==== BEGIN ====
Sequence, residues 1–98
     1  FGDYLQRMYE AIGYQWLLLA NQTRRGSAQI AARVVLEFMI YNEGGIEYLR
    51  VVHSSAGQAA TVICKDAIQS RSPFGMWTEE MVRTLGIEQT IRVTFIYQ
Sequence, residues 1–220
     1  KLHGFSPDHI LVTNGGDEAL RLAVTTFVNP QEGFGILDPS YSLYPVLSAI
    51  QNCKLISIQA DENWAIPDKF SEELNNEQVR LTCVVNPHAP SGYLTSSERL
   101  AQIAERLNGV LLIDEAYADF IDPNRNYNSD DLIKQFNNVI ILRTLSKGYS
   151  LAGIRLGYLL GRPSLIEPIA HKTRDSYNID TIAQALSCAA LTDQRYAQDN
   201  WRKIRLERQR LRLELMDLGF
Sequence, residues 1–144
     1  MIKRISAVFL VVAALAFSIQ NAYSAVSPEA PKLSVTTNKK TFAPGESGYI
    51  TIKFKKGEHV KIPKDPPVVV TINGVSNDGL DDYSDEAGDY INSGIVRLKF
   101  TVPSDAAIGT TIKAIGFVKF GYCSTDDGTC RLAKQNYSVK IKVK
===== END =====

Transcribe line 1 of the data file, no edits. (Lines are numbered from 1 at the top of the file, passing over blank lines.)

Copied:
Sequence, residues 1–98